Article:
Rep. Huffman, joined by Rep. Ocasio-Cortez, calls for full spending bill with robust climate provisions

Rep. Jared Huffman aligned his natural-disaster battered Northern California district with New York’s progressive Bronx neighborhood and its tenacious Rep. Alexandria Ocasio-Cortez in a Friday town hall where both politicians called passing the $3.5 trillion budget bill an imperative if the nation is to respond to climate change.

The lawmakers said they will continue to resist passing a $1 trillion infrastructure bill the U.S. Senate has approved without assurances that the Democrat-controlled Congress will also pass the Build Back Better Act, which funds a wide range of progressive priorities, including landmark climate change legislation.

Huffman, D-San Rafael, and Ocasio-Cortez, D-New York, criticized two Democrat senators, Joe Manchin of West Virginia and Kyrsten Sinema of Arizona, who have blocked the package’s passage through Congress along party lines.

Huffman said Democratic lawmakers were relying on President Joe Biden to strike a deal with the two that would be palatable for progressives.

“They’re standing in the way of doing something really transformative," Huffman said, and ”certainly the biggest thing we’ve ever done to confront this existential crisis (of climate change).“

Within an hour of the meeting’s ending, his point was starkly underlined. The New York Times reported Friday evening that Manchin, whose state is a leading coal producer and who has accumulated personal wealth from the coal industry, told Biden he would not vote for the package if it included a $150 billion program to hasten the nation’s switch to renewable energy sources.

White House aides are now scrambling to draft the legislation anew without those measures, according to the New York Times, eliminating a measure Huffman said was key for the United States to do its part in reducing global carbon emissions.

Along with Biden, Huffman is scheduled to travel to Copenhagen at the end of the month for a United Nations climate summit. If Manchin’s wishes carry the day, the country’s delegation will arrive with a sharply weakened hand, the New York Times reported.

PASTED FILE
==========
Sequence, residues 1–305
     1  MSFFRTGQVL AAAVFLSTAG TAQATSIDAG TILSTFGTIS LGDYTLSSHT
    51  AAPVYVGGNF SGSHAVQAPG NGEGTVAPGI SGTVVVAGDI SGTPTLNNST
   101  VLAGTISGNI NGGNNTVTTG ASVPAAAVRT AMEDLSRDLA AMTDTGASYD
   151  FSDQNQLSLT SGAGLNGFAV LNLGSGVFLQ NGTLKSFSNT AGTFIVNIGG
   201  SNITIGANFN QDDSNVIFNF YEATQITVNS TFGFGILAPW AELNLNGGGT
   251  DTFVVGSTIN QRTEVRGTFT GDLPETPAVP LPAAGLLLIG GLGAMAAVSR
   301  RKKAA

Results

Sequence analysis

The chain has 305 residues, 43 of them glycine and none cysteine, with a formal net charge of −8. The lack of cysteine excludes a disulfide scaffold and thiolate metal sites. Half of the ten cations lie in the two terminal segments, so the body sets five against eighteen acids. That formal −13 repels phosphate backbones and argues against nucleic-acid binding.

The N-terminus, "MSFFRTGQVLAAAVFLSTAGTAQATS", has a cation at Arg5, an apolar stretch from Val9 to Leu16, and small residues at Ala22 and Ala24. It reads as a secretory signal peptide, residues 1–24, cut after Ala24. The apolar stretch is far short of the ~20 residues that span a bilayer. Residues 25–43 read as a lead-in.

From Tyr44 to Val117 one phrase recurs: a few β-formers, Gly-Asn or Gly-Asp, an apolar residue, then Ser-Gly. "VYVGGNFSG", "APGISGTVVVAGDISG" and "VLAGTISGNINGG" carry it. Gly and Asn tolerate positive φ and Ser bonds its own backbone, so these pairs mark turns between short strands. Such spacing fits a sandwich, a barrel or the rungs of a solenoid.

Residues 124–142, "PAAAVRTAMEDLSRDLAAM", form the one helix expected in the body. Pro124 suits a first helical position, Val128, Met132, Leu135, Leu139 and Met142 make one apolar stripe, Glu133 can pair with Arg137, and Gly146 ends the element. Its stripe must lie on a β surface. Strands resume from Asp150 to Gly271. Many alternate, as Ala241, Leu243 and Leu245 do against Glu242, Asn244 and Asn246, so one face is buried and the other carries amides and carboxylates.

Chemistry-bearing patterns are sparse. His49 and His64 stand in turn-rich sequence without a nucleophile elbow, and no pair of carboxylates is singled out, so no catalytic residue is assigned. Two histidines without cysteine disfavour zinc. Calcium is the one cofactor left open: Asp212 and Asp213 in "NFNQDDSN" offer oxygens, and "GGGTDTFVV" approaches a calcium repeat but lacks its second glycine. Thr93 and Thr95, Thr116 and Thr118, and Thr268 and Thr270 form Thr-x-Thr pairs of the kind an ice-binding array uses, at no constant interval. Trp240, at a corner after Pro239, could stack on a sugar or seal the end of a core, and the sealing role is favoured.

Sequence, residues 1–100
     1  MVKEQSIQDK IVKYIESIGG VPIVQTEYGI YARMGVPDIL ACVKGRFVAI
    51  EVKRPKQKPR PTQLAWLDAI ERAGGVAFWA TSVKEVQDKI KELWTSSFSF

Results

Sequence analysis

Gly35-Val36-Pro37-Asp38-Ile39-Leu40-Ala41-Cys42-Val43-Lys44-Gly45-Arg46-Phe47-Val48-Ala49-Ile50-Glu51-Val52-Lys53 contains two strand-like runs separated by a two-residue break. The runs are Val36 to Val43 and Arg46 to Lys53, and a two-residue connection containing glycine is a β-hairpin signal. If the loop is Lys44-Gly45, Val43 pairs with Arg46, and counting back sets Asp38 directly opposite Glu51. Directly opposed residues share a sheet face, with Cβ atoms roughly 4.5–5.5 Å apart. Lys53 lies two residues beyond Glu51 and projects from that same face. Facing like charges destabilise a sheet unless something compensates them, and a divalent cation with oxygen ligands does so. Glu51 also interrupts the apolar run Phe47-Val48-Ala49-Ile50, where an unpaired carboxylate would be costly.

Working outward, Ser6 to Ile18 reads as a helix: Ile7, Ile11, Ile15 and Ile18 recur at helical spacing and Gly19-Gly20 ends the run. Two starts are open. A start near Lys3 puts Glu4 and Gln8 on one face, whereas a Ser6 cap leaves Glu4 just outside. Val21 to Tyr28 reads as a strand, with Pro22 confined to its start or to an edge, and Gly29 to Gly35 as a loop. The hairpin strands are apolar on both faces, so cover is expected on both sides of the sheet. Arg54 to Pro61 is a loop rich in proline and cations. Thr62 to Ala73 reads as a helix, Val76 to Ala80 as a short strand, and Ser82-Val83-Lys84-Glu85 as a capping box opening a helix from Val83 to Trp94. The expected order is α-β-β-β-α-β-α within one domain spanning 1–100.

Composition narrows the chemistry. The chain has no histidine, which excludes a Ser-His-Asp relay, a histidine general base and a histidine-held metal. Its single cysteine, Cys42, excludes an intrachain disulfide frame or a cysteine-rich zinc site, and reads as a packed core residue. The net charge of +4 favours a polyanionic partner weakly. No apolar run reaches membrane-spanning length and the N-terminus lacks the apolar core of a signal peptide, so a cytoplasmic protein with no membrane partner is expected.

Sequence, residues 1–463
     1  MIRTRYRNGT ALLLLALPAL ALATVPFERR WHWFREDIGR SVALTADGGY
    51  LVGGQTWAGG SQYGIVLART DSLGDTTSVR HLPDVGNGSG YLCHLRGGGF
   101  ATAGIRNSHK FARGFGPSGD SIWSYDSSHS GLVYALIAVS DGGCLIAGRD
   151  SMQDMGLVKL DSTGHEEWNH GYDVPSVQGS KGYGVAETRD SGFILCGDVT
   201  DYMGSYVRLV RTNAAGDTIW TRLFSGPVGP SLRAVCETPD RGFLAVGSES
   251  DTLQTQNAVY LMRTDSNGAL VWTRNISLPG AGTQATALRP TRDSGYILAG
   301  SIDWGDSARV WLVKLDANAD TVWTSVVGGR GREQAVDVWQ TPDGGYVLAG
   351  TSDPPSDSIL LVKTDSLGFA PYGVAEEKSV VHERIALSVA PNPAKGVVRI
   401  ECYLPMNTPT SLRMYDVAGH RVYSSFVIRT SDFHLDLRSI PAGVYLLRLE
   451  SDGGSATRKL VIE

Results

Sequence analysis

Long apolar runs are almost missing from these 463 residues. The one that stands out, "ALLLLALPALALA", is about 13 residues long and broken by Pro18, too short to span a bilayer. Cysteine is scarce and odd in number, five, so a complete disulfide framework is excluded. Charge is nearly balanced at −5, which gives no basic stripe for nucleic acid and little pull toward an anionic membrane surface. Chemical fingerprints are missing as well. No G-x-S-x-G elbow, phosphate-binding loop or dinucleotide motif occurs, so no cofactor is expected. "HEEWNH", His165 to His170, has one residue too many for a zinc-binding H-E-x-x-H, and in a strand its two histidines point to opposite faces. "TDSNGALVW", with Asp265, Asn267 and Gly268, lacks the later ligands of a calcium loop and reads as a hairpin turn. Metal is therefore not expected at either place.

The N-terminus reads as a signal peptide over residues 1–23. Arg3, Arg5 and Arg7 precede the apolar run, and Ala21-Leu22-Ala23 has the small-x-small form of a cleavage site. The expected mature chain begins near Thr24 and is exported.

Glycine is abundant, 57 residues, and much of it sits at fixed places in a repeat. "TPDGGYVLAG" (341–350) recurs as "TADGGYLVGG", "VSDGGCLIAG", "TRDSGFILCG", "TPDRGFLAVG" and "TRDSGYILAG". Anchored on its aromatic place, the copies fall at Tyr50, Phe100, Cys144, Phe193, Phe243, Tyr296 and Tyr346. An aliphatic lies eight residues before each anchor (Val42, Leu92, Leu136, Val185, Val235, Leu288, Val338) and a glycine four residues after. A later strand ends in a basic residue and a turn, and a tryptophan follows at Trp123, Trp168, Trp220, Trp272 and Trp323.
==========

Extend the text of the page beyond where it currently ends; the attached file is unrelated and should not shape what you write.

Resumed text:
Critics have accused progressive House members of risking a significant bipartisan infrastructure investment by holding out for the larger package. But Ocasio-Cortez said progressives had enough power in the House, where Democrats can afford to lose a few votes, to make their stand for broader action.

For Northern California, the gains are significant and the choice clear, Huffman argued. The infrastructure bill contains a $65 billion investment in broadband infrastructure and $73 billion to adapt the country’s electrical grid to a future with more renewable energy which would benefit Northern California, he said.

“The rest of it is frankly throwing money at traditional highway infrastructure,” he said in a phone interview after the town hall event.

“The good pieces of the Senate bill we can still pass any old time,“ he said.

On the flip side, the larger package contains a litany of programs that could transform life on the North Coast in many ways over the coming decade, Huffman said.

On the climate change front, the package would ban offshore drilling in federal waters off the West Coast. Through $300 billion in clean energy tax credits it would incentivize offshore wind development that Biden has said could bring thousands of jobs to places like Humboldt Bay.

The bill carries what Huffman called a “historic federal investment” in wildfire resiliency. It also contains funding to build the SMART passenger railroad a new bridge over the Russian River into Healdsburg and help elevate and safeguard a stretch of Highway 37 that is vulnerable to rising seas — investments that were left out of the Senate’s infrastructure deal.